A good example of estate-bumping in action took place in connection with a lawsuit I defended several years ago between the children of musician Ray Charles and his charitable foundation. Charles told each of his twelve children that he would leave them $500,000 as their sole inheritance, but in exchange they had to agree that they wouldn’t seek anything else from his estate. Charles left the bulk of his estate, including all of the rights in his songs, to the Ray Charles Foundation to benefit the hearing and seeing impaired. Seven of Charles’ children nevertheless served notices under section 304(c) (another copyright termination statute that applies to grants of pre-1978 works), to terminate assignments between Charles and his record labels that predated Charles’ estate plan.
Even though the children had expressly agreed not to challenge Charles’ estate plan, copyright termination rights aren’t waivable by contract, so it didn’t matter what they signed or what Charles actually intended. (Note that the copyrights in “works made for hire” are an exception to the termination statutes; the Ray Charles Foundation asserted that certain of Charles’ compositions weren’t eligible for termination, but the case settled before that issue was decided.)
Copyright Termination as Forced Heirship
One of the interesting features of the copyright termination statutes is that they essentially serve as forced heirship laws. The Copyright Act defines the heirs entitled to serve a termination notice:
- The widow or widower owns the author’s entire termination interest unless there are any surviving children or grandchildren of the author, in which case the widow or widower owns one-half of the author’s interest.
- The author’s surviving children, and the surviving children of any dead child of the author, own the author’s entire termination interest unless there is a widow or widower, in which case the ownership of one-half of the author’s interest is divided among them.
- The rights of the author’s children and grandchildren are in all cases divided among them and exercised on a per stirpes basis according to the number of such author’s children represented; the share of the children of a dead child in a termination interest can be exercised only by the action of a majority of them.
- In the event that the author’s widow or widower, children, and grandchildren are not living, the author’s executor, administrator, personal representative, or trustee shall own the author’s entire termination interest.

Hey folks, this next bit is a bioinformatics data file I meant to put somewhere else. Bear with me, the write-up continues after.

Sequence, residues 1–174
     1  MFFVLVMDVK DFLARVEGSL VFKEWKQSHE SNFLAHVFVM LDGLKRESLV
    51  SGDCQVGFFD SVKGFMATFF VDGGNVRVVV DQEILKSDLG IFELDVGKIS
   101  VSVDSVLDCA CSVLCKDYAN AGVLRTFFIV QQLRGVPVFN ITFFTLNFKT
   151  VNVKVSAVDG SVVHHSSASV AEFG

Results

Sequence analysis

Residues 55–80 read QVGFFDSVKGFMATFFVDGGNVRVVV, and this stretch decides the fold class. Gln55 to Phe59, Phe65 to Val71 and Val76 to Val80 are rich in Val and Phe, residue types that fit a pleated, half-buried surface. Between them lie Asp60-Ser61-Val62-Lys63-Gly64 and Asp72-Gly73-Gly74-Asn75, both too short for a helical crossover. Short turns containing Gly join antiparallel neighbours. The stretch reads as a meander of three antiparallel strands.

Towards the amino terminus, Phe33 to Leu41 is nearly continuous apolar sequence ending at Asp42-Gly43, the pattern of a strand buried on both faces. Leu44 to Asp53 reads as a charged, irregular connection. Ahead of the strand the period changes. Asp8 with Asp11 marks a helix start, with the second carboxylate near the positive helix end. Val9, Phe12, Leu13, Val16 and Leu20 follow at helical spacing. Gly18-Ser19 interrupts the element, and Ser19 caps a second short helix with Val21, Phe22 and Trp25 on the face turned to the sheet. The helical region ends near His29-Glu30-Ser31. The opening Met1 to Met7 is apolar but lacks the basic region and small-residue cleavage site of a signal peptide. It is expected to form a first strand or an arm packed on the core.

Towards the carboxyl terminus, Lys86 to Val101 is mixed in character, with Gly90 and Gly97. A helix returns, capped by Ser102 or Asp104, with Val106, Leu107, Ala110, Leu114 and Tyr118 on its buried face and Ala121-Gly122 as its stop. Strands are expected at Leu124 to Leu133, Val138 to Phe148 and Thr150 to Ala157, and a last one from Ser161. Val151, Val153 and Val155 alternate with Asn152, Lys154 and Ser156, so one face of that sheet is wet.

Where the artist’s spouse is deceased, as in the Livingston case, the artist’s entire termination interest is held by the artist’s children. Here, as Jay Livingston’s only living child, Travilyn owns 100% of Jay’s termination rights and is entitled to 100% of the recaptured copyrights, even though Jay clearly intended for Tammy to receive a share.
Transfers By Will Aren’t Subject to Copyright Termination
Another interesting aspect of termination rights is that they don’t apply to copyrights that were transferred “by will.” Therefore, if Jay Livingston hadn’t assigned his copyrights to Jay Livingston Music, and had instead bequeathed them directly to Travilyn and Tammy upon his death, that bequest couldn’t be terminated.
What estate planning lawyers unfamiliar with copyright law may not realize is that the termination statutes don’t have any similar exceptions for other transfers, like revocable trusts, which are often used as “will substitutes” by planners. Assignments to a holding company or charitable foundation also have the potential to be undone by a copyright owner’s statutory heirs. This means that unless and until the Copyright Act is amended, planners looking to avoid unintended consequences will need to include copyright interests in a will or pour-over will, even if they place the rest of an artist’s estate in a revocable trust or other instrument.
Bottom line: If the composer of “Whatever Will Be, Will Be” had used a will to transfer copyrights to his heirs, his granddaughter wouldn’t be losing out on royalties. Que Sera, Sera, indeed.
I’ll post updates on the Livingston case as they develop. In the meantime, let me know if you have any comments or questions below, or @copyrightlately on social media.View Fullscreen